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Innovative Deep Vein Thrombosis Treatment Yields Priceless Payoff

Phoenix Interventional Radiologist Aaron Wittenberg, MD, uses an investor's technology to yield the ultimate return: saving someone else's life

PHOENIX, Nov. 6 /PRNewswire-USNewswire/ -- When Scottsdale businessman Warren Kaplan decided a decade ago to invest in Possis Medical, he had no idea that an innovative medical product Possis would develop would - in the hands of a gifted interventional radiologist - save his daughter's life.

"I liked their business model," Kaplan said. "They were inventing products with great potential, but they were also marketing them in a way that would ensure continuing sales."

A savvy investor, Kaplan not only checked out the company before he bought its stock, but kept in touch, and continued to research products in development.

With support from Kaplan's investment, Possis pioneered technology to save the lives and limbs of patients suffering from circulation-blocking blood clots. They manufactured medical machinery to quickly, safely and effectively remove deep vein thromboses (DVT), the medical name for blood clots in the veins.

The Anatomy of a Blood Clot

Whenever a blood vessel - a vein or an artery - is injured, platelets in the blood trigger chemical reactions that form strands into a meshwork, a screen that traps more platelets. Thus, a clot is formed. On the skin, this stops the bleeding and starts the healing.

Inside the vein or artery, however, the clot will begin to block blood flow. Pressure in front of the blockage builds up. Sometimes vessel walls can burst or leak.

Beyond the blocked area, without fresh blood, the muscle tissue is damaged, sometimes forever. This is often painful and can be dangerous. Pieces of the clot can break off and be carried to the lungs, causing a condition called pulmonary embolism, leading to physical disability - even death.

If the clot remains in the vein over time, patients can develop DVT symptoms such as chronic pain, swelling or even skin ulcerations that can lead to limb loss.

A Pharmaceutical Vacuum Cleaner

Possis' AngioJet Rheolytic Thrombectomy System, which premiered in 1997, remains the medical world's leading mechanical clot-removing system. Think of it as a tiny, sensitive, sophisticated pharmaceutical vacuum cleaner. Because it works with catheters threaded through a vein to reach the clot, it requires no incisions or surgery.

As its clot-busting drug physically breaks the clot into pieces, the vacuum catheter sucks the tiny bits out of the body. A filter prevents any bits from escaping into the blood stream where they could wreak havoc in other parts of the body.

By the time his daughter, Kim, was diagnosed with a DVT last fall, Kaplan was well-aware of the latest advances and performance capabilities of AngioJet products. When doctors at the first hospital Kim was taken used only blood thinners for treatment, Kaplan started asking questions.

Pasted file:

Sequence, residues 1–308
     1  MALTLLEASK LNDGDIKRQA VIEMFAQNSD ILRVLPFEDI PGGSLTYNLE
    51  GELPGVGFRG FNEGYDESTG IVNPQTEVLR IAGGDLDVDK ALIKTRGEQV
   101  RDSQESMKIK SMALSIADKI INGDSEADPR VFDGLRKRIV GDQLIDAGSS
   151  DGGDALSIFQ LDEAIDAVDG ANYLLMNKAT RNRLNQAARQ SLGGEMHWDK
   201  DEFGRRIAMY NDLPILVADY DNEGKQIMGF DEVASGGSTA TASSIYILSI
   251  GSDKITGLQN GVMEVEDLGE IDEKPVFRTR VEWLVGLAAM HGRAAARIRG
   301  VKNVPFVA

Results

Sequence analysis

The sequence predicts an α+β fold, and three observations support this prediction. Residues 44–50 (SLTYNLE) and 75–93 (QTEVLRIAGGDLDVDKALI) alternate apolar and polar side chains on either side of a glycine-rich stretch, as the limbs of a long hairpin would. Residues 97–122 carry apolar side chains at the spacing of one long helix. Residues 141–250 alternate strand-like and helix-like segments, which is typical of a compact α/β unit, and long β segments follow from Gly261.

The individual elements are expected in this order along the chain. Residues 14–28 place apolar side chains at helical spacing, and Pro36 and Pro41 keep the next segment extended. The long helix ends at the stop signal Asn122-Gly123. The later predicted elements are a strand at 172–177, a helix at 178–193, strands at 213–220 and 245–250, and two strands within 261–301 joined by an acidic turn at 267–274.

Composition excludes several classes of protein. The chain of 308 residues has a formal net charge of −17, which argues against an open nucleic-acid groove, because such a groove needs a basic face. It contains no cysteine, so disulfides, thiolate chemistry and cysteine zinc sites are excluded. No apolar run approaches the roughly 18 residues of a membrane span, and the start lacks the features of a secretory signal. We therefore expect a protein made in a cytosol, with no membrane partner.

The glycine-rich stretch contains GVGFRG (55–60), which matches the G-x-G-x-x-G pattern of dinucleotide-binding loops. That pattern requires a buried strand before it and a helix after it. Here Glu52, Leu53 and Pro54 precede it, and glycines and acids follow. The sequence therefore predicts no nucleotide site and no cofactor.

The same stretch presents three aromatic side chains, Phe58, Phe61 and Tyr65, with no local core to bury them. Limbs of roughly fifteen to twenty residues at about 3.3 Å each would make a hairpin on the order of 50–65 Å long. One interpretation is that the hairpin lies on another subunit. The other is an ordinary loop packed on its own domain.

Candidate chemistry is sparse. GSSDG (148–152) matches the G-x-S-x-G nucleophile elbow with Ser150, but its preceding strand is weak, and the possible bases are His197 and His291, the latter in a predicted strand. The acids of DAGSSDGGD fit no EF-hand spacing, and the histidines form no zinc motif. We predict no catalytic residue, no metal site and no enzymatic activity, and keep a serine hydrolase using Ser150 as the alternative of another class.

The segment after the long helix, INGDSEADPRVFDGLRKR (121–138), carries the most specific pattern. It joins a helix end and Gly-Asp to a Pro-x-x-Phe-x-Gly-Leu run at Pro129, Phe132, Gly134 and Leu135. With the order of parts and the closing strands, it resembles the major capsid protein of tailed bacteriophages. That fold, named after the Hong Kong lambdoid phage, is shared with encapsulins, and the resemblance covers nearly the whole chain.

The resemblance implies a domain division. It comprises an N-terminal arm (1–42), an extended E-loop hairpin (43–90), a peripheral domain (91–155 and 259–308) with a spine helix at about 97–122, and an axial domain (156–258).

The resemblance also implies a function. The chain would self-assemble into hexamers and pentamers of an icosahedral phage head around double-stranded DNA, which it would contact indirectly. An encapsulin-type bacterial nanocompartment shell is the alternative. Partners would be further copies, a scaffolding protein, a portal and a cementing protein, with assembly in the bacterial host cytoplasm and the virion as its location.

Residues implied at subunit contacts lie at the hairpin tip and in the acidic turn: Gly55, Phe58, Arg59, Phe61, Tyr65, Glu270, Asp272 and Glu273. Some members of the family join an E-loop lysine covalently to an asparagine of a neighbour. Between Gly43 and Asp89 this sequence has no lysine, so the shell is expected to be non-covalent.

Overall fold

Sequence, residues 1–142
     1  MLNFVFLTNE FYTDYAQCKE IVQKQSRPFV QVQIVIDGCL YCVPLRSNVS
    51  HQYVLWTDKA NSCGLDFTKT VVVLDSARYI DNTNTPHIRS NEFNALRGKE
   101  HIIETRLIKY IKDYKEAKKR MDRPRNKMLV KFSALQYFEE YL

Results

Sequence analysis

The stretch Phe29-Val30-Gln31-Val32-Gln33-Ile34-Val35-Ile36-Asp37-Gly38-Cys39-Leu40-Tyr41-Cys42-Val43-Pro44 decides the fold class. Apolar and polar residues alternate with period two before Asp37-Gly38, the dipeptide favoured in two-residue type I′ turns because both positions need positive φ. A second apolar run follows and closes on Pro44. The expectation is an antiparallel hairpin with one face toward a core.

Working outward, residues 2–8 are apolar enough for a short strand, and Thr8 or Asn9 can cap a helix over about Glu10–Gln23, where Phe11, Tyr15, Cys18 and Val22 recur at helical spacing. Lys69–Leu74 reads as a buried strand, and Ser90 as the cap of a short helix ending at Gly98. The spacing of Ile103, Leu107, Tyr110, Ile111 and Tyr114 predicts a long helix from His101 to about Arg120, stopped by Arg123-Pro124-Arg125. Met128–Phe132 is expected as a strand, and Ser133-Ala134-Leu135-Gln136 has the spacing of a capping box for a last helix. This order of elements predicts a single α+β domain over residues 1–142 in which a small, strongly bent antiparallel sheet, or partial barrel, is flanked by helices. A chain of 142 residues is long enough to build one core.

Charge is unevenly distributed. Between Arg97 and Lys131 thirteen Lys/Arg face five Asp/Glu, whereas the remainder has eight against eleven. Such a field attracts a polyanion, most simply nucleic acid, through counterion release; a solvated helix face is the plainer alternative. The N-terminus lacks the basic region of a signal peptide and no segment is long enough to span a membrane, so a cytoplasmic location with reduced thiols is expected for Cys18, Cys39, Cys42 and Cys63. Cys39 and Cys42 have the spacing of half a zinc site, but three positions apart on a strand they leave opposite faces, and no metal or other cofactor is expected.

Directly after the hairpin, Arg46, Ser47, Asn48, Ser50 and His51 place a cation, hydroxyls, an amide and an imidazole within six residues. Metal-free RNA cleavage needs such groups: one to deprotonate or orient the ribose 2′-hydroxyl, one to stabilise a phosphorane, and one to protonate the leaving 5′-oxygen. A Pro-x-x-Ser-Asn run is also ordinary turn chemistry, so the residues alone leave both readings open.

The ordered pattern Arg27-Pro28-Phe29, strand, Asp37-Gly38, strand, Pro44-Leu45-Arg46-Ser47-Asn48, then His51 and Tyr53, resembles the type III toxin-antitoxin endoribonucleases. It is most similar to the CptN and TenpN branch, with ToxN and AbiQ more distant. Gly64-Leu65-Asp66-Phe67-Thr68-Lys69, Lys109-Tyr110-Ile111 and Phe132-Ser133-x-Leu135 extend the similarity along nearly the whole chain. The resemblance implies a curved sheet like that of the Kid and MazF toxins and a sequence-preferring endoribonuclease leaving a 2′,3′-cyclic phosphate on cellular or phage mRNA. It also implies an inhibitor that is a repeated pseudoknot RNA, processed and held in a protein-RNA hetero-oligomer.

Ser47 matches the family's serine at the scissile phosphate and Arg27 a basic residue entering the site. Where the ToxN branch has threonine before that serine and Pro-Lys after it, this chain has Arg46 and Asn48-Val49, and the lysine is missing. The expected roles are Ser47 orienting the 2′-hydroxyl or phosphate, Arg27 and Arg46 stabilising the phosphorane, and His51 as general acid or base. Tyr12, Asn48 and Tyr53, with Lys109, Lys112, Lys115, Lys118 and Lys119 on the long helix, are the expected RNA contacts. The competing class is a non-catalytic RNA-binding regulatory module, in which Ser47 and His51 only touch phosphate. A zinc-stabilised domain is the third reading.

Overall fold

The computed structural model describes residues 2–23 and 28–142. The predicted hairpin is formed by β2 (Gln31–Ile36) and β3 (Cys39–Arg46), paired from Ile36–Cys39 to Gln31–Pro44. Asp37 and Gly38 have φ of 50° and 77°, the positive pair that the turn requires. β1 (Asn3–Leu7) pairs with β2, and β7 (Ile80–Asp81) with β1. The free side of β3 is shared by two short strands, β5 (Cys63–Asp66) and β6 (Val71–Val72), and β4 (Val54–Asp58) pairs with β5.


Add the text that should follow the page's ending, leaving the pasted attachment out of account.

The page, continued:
"I tracked down their interventional radiologists, the doctors who do these procedures," Kaplan said. "What I found was that they had the AngioJet technology, but they only used it for cardiac clots. They didn't know how to use it to treat DVTs."

Life-Saving Call

Appalled, Kaplan got on the phone to Possis, tracked down their Arizona representative, Alan Poland, and asked a blunt question. "If it were your mother who needed treatment for DVT, which doctor would you call for help?"

"I didn't hesitate," Poland said. "I told Kaplan to contact Aaron Wittenberg, MD, a board-certified interventional radiologist at John C. Lincoln Deer Valley Hospital."

"Dr. Wittenberg not only has extensive experience in using the AngioJet, but he is amazingly down-to-earth, compassionate and easy to talk with," Kaplan observed.

"He used ultrasound to diagnose the extent of Kim's clot - which extended from her thigh to her abdomen - and then he gave us a clear description of her condition and what he could do to help."

Wittenberg immediately scheduled Kim for the AngioJet DVT treatment at John C. Lincoln Deer Valley Hospital, during which he inserted the catheter into the vein behind her knee and vacuumed the clot out of her vein.

A filter stayed in place for the next four to five months to be sure that no part of the clot was able to travel out of her leg into her lungs.

"You have to be aggressive in treating these larger blood clots in legs in order to have optimal outcomes," Wittenberg said.

"In serious cases like Kim's, blood thinners such as Heparin or Coumadin just won't do the job. But by using the AngioJet, we can get rid of the clot in a matter of minutes. This prevents any long-term damage from the DVT."

"Dr. Wittenberg took great care of my daughter," Kaplan said, "So did the entire staff at the Deer Valley hospital. Every nurse who took care of her, from presurgery on through her stay, was just wonderful. I am very grateful to all of them."

Because of its seriousness, Acting Surgeon General Steven K. Galson recently urged all Americans to learn about and prevent DVT, a treatable but often silent condition.

Learn more about the Deep Vein Thrombosis Center at John C. Lincoln Hospital at .

SOURCE John C. Lincoln Health Network
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